by Lynd Ward
An entirely wordless novel told through woodcuts alone, the book details a young artist traveling to a new city who gives his last coin to a beggar. He’s unable to pay for his later meal and the proprietor is about to get nasty when the artist offers a drawing in lieu of payment. It is not accepted. A stranger steps in, pays the owner for the food and sits with the artist discussing his portfolio. He offers the artist a special brush, used throughout the ages by the world’s greatest artists, in exchange for something. The artist agrees, signs a contract with the stranger, and leaves with the brush to become a popular phenomenon in short order.
This is the very beginning of the story, the whole of which is told in about 140 woodcuts. One of the great pleasures of this book is puzzling out the story for yourself since it’s told with pictures only and open to interpretation. In fact, it’s difficult to explain how much you’ll enjoy getting at the story this way. You get a sense of accomplishment with each completed image locking into place in the narrative in your head. It might be easy to think of this format as challenging, but once you’re comfortable with your own pace, and comfortable with the unique idea of telling your own story as you study the images, this is quite an amazing experience.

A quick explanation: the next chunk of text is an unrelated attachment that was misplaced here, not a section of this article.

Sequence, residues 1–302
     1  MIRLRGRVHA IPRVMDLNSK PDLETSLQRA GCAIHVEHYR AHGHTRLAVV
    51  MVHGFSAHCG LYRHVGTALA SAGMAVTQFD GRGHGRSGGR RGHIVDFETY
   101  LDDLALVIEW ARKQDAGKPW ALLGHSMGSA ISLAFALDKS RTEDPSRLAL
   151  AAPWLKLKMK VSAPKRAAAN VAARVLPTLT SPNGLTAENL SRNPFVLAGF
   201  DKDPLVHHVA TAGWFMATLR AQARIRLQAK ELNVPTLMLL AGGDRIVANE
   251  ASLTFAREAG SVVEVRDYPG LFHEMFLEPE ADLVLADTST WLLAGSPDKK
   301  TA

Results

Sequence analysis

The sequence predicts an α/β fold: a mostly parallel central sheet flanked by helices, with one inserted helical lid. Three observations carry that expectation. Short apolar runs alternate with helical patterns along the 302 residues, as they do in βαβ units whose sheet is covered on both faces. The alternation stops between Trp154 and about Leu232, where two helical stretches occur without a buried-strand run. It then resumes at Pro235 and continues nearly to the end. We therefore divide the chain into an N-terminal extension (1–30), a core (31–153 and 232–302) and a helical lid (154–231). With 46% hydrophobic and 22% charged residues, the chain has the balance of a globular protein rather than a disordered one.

There’s an introduction explaining a few things about his life and the technique from Mr. Ward and a preface with a bit of historical perspective by woodcut artist Barry Moser, but neither are necessary to dive right in if you’d prefer. You have all the tools you need for this novel with your mind, your eyes and your heart, not to mention your own experiences. If you’ve read graphic novels or comics you’re already partway there, but that kind of background isn’t required.
The book is quite highly recommended. If you keep this on your coffee table and allow guests to open it up, be prepared to explain a few things and leave them alone for a bit while they read. It’s compelling.